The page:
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Rottnest Island in winter (2 of 2)

This second chapter is a walk on the island’s natural, wild side…although its final destination is the Rottnest Hotel, as MV Dilligaf departs.

The pelican atop this post may – or may not –  be the very same one who spent several hours, motionless, on the jetty at Geordie Bay that morning.

In any event, the afternoon’s weather proved kinder, so my beloved and I stirred ourselves.

Both pelican pics here – taken a second or so apart – show the one bird, shortly after it stirred itself, in Bickley Bay.

Same pelican as featured image; this taken a second earlier. All photos copyright Doug Spencer.
Same pelican as featured image; this taken a second earlier. All photos copyright Doug Spencer.

 

Rottnest is a prime place for ospreys.

All ospreys are the one species and although many humans have never seen one, ospreys are found on all continents, except Antarctica.

This Australian winter, Rottnest has 10 active osprey nests.

This one is at Henrietta Rocks.

Ospreys on nest, Henrietta Rocks, Rottnest Island.
Ospreys on nest, Henrietta Rocks, Rottnest Island.

 

Nearby, on the beach, a pied oystercatcher’s relaxed behaviour suggested that it was well aware that ospreys eat only fish and that tourists don’t hunt oystercatchers.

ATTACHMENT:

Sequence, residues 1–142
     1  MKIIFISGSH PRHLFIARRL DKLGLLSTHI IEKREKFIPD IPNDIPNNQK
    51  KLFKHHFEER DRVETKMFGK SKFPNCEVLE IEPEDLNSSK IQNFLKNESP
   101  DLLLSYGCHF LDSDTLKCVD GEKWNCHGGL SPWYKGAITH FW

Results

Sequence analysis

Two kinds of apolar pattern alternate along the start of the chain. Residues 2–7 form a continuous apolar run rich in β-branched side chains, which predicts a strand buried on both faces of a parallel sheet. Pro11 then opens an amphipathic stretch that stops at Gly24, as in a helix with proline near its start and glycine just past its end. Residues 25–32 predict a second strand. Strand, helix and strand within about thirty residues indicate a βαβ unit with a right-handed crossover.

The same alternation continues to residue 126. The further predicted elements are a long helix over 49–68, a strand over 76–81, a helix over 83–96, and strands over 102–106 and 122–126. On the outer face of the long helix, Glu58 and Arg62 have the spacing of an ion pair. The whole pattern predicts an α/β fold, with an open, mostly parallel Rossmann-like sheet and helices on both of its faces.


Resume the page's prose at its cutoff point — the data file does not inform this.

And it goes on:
Pied oystercatcher, Rottnest Island, winter 2016. All photos copyright Doug Spencer.
Pied oystercatcher, Rottnest Island, winter 2016. All photos copyright Doug Spencer.

 

Much of Rottnest’s eastern side is occupied by shallow lakes: some seasonal, some “permanent”, all saline.

Lake Baghdad, viewed from above Little Parakeet Bay, looking across to Wadjemup Lighthouse.
Lake Baghdad, viewed from above Little Parakeet Bay, looking across to Wadjemup Lighthouse.

 

Most rain falls in winter.

Summertime water levels are typically lower and salinity much higher; this promotes the growth of certain algae.

A byproduct is the “pink lake” phenomenon.

Click here for a partial explanation and photos of various pink lakes.

Rotto is currently enjoying a “proper” winter, so the lakes-proper look like “normal” lakes.

Along their shores, however, you can currently experience another natural phenomenon.

It never snows on Rotto and and its lakes are not at all polluted by man-made cleaning products.

Wind-whipped foam - entirely natural, benign - is oft-seen on and near shores of Rottnest's lakes.
Wind-whipped foam – entirely natural, benign – is oft-seen on and near shores of Rottnest’s lakes. All photos copyright Doug Spencer.

 

The surfactants responsible are – like the lakes turning “pretty in pink”, most summers – a natural byproduct of  the lakes’ rich, organic “soup”.

Samphire, embraced by entirely natural foam.
Samphire, embraced by entirely natural foam.

 

A few minutes after I took the above photos, my beloved and I had one of many meetings with Rotto’s emblematic animal.

This quokka has an uncommonly healthy pelt. All photos copyright Doug Spencer.
This quokka has an uncommonly healthy pelt. All photos copyright Doug Spencer.

Setonix brachyurus is the only member of its marsupial genus.

Unwittingly, this small wallaby “named” Rottnest.